Byron’s 44 Mag Organic is a tall robust alfalfa with a dense leafy canopy. Alfalfa is a legume that can fix most of its own nitrogen, is deep-rooted to give drought tolerance, and yields well during the hotter part of the summer. On many farms today, alfalfa stands are only in production for three to four years. Byron Seeds selects only the highest-performing varieties for maximum yields throughout the life span of the stand.
The low-lignin industry alfalfas are good quality but they have a drag on yield. Our Byron Seed alfalfas are not only excellent in quality, but they actually increase yield. Byron’s 44 Mag has improved fiber digestibility. Other qualities of Byron’s 44 Mag Organic are:
- Tall, robust alfalfa variety with a dense, leafy canopy
- Delivers good tonnage while maintaining high-quality
- Performs well in short or longer rotations
- A grower-friendly variety that’s easy to manage
- Excellent recovery after harvest
Many modern varieties can handle 28-day cutting schedules, and some elite varieties need that type of management to perform their best. Byron’s 44 Mag is flexible; adapted to a 3, 4 or 5 cut system. One very critical aspect of alfalfa management is know when to take the last cutting in the fall. Alfalfa needs five weeks of growth before a killing frost (25 degrees F).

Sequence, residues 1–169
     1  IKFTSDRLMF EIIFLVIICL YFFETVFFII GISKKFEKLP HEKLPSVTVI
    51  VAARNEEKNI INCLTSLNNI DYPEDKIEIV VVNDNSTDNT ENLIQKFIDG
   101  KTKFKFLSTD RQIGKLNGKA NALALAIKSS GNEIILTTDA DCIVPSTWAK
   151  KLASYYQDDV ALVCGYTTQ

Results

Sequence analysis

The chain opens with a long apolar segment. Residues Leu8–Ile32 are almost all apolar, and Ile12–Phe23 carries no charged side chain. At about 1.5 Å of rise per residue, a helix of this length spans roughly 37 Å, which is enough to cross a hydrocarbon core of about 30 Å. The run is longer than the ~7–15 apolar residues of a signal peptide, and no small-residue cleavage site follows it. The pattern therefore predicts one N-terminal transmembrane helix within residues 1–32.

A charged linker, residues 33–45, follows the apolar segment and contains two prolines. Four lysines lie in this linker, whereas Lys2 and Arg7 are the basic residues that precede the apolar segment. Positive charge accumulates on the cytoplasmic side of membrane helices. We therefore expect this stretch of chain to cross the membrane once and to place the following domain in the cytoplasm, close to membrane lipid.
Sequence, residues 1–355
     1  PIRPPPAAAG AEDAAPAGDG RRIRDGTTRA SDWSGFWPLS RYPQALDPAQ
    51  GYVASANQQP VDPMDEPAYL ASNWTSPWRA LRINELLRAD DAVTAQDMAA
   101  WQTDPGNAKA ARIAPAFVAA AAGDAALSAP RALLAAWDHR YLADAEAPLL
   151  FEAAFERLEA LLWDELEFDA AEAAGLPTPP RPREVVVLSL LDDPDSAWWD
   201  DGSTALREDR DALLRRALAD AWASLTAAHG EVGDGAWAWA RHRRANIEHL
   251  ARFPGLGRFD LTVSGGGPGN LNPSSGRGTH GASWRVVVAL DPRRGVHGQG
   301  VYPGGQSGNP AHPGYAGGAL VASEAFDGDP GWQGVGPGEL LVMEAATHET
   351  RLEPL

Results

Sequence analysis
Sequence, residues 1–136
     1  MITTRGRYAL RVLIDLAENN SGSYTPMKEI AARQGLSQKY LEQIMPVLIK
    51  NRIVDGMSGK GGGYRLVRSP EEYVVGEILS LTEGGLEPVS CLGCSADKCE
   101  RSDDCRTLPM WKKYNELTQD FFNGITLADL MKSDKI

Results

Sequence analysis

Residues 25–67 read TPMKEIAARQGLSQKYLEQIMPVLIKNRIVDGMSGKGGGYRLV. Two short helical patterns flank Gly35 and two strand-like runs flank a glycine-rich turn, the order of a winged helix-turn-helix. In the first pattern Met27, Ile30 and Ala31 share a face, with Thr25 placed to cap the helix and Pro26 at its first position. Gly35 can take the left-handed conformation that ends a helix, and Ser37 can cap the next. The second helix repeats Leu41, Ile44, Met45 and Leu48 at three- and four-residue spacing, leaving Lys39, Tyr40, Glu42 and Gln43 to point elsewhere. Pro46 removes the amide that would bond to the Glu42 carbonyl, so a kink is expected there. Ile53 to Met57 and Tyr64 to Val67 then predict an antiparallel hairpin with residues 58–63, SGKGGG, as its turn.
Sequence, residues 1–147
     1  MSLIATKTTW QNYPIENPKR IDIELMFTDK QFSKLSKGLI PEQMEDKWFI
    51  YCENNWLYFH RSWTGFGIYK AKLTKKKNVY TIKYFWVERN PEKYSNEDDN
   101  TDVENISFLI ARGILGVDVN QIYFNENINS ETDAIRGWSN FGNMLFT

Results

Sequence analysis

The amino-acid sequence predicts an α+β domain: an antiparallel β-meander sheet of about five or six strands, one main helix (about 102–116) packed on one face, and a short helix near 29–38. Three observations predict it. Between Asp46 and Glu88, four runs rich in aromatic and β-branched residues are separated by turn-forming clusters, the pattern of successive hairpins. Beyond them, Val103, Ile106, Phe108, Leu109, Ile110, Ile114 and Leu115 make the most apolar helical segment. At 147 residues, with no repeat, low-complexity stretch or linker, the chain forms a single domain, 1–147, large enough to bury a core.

Higher fall dormancy number in alfalfa indicate early spring and late fall growth, thus increased yield. Byron’s 44 Mag fall dormancy is 4.3. For winter survival, the lower the winter survival number, the more winter hardy the variety. Byron’s 44 Mag winter survival number is 2.2.
Alfalfa can be planted in the spring or late summer, but we recommend late summer whenever possible. Plant with a drill or Brillion seeder into a firm seedbed: 18-22 lbs./A. If spring sown a nurse crop of grass or small grain is recommended to maximize the tonnage in the seeding year. We usually recommend seeding grass with alfalfa to give a higher tonnage and a better quality feed for the life of the stand.
Good rations of sulfur, boron, and phosphorus as well as a pH above 6.5 are critical for alfalfa. Nitrogen is key for good grass yields. We recommend a soil test. Higher yields and quality starts with good soil.
Alfalfa exhibits autotoxicity, which means established plants (older than 6 months) give off compounds that prevent new alfalfa seedlings from establishing.
Tags: Alfalfa, Byron's 44 Mag Organic, Legumes, OR Byron's 44 Mag